German surface waters have been analysed, producing an ecotoxicological  impact risk assessment chart ( Fig 1 ). The ratio of PNEC and MEC ( Measured Environmental Concentration ) indicates the potential risk to the environment from PhACs substances, ratios 1 and above indicates where action is required.

Both natural hormones (i.e. estrone (E1), 17α-estradiol (17α-E2), 17β-estradiol (E2)) and synthetic hormones 17α-ethinylestradiol (EE2) have the potential to behave like endocrine disrupting compounds (EDC) in the environment. EDCs can cause reproductive disturbances in fish, including reduced fertility, masculinization of females and feminization of males. EE2 is considered to be more potent than E1 and E2.

Steroidal estrogens go through a transformation in the environment and in the effluent in contact with activated sludge, estrogens are cleaved and held within transformation under oxic conditions, therefore sorption of estrogens onto sludge contributes to their elimination from the water phase but the estrogens remain in the solids phase. EE2 remains persistent throughout wastewater treatment process with 10 to 15% passing into the environment.

Treatment of Active Pharmaceutical Ingredients (API)

Most active pharmaceutical ingredients are xenobiotic and show poor bio availability, degradation can be improved with extended retention times. However, waste treatment systems are designed for low concentrated waste with high flowrates and good bio availability. Therefore to treat industrial chemical / pharmaceutical production waste a dedicated non biological treatment approach is required.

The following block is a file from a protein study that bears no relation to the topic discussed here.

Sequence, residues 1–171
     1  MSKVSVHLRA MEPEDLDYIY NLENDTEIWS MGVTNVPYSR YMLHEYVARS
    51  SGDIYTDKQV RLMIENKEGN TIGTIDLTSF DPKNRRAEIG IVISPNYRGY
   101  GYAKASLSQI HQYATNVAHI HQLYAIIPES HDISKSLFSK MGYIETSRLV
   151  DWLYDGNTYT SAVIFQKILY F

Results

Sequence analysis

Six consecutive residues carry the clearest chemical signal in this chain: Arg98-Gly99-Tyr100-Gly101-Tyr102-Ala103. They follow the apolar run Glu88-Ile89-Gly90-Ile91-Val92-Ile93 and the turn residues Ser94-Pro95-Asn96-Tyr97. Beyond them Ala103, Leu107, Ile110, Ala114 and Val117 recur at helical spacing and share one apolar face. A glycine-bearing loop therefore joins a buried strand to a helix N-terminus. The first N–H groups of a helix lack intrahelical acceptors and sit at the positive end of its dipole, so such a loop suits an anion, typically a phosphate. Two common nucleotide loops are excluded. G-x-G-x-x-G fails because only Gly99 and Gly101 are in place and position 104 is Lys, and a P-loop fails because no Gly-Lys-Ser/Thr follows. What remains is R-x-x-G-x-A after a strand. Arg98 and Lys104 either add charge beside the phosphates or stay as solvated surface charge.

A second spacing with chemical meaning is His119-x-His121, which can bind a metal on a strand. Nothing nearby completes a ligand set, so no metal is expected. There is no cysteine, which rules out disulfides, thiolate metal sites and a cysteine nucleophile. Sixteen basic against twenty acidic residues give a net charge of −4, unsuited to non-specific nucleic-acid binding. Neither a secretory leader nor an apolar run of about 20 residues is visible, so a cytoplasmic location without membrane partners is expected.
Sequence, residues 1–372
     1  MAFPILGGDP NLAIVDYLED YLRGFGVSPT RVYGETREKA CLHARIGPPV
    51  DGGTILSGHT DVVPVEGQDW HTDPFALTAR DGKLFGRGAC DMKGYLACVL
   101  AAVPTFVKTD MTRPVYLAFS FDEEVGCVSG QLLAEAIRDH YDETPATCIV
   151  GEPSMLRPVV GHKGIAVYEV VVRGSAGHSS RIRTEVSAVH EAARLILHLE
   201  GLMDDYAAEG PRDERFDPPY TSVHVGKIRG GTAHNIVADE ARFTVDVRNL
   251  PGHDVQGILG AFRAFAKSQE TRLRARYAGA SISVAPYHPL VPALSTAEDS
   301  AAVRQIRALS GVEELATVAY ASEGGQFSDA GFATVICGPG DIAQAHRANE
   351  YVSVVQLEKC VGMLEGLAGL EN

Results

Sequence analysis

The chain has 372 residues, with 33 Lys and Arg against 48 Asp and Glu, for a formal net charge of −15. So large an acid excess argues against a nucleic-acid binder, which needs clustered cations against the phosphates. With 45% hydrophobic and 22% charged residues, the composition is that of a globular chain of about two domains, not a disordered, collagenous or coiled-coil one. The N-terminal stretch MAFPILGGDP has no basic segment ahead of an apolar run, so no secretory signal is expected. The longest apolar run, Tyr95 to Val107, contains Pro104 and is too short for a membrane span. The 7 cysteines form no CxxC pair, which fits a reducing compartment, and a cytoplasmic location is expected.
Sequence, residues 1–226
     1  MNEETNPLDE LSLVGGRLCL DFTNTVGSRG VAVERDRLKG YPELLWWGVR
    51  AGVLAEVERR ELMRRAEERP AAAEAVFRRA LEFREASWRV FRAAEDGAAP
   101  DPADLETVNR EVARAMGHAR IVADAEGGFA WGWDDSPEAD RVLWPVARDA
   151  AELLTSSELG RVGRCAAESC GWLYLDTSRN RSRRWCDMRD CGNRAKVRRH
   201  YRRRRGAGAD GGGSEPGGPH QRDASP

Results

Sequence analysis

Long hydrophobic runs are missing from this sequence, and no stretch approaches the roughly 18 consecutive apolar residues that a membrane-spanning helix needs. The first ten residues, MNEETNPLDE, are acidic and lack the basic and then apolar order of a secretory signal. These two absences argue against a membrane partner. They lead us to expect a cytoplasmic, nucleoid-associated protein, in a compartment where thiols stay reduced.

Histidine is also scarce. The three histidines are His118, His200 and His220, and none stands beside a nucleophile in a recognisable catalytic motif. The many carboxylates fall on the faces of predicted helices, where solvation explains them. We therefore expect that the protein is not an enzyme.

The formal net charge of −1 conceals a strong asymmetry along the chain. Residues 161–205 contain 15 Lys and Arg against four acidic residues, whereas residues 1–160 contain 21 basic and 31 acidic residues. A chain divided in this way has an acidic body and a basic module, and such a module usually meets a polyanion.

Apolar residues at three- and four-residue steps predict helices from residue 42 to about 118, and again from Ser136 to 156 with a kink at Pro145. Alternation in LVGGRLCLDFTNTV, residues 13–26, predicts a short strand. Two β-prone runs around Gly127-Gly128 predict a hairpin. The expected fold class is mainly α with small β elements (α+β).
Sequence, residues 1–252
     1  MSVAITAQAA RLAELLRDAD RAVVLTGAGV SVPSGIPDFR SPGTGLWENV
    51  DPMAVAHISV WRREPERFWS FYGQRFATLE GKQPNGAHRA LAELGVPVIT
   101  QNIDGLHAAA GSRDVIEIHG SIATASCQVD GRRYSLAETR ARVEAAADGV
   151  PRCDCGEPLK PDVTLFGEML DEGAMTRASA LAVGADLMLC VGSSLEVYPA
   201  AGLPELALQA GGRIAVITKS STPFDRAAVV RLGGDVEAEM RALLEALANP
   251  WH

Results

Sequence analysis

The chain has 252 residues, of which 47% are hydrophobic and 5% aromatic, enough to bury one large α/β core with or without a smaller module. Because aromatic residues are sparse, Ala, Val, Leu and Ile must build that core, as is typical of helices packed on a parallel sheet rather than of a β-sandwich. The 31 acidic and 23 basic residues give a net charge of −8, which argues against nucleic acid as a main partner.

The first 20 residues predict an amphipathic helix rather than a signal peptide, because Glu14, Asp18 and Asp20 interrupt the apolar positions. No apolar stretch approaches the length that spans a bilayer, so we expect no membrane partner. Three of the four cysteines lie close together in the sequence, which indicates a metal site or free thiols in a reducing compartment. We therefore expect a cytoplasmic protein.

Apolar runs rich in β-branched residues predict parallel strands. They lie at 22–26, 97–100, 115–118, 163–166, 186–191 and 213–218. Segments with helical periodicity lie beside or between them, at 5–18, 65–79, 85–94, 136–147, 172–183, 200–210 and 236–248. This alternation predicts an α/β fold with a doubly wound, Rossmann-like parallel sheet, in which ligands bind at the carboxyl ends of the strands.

Table 1 Shows clearly that treatment techniques based on oxidation are the most efficient and safe option to treat PhACs or Active Pharmaceutical Ingredients (API).

Table 1

Technique Principle Elimination of Xenobiotics/APIs Remark on Process CAPEX OPEX
Activated Carbon Sorption Concentration on fixed phase Good sorption properties are required. Generation of waste. Low High
Advanced Oxidation Chemical Oxidation YES Different elimination levels can be achieved. Low-medium Medium
Biological Treatment Biological Oxidation Only in rare cases      
Evaporation Concentration Concentration Distillate often polluted as many ingredients are purgable or steam-purgable. High High, also due to concentrate disposal
Flocculation/Filtration Mechanical NO, bad efficiency on removal of organics No relevance in pharmaceutical industry. Low Low
High Pressure Oxidation Chemical Oxidation YES   Very High Low
External Incineration Thermal Oxidation YES   Low, as storage only Very High
Incineration on Site Thermal Oxidation YES   High Very High
Membrane Mechanical Separation Concentration of API with lower flow rate Membranes are sensible for fouling. Concentrate has to be disposed externally. Medium High, also due to concentrate disposal.

Treatment of ethinylestradiol, and other PhACs including thyroid hormones and narcotics has been achieved at a number of PhACs production plants, including Haupt Pharma in Münster – Germany with the installation of an Advanced Oxidation Process (AOP).

The company Haupt Pharma are specialist producers of cytotoxics, thyroid hormones, narcotics, sex hormones and beta-lactams. The wastewater produced from the Cleaning in Place is treated by AOP to efficiently remove all hormones prior to discharge to the municipal sewer. Table 2 provides the results achieved with AOP.

Table 2

Parameter Data Result
Flow rate 12m3/d No change
COD 2000-4000 mg/L Ca. 20% reduction rate
Sexual hormones like EE2 ≈ 10-100 mg/L < 0.01 mg/L
Bioavailability ≈ 65%  ≈ 90%
OPEX ≈ 1-3 €/m3  

In some cases a hybrid technique combining AOP and biological treatment provides a good solution. For example  1,4-dioxane, EDTA ( Fig 2 ), pyrrolidones, aromatics are treated by UV Oxidation producing a bio available waste that can be subsequently treated through a biological system to reduce COD and suspended solids. Fig 3 Shows selective destruction of ethinylestradiol (EE2).

Fig. 2: Selective destruction of EDTA with UV Oxidation

Fig. 3: Pharmaceutical Waste - EE2 Destruction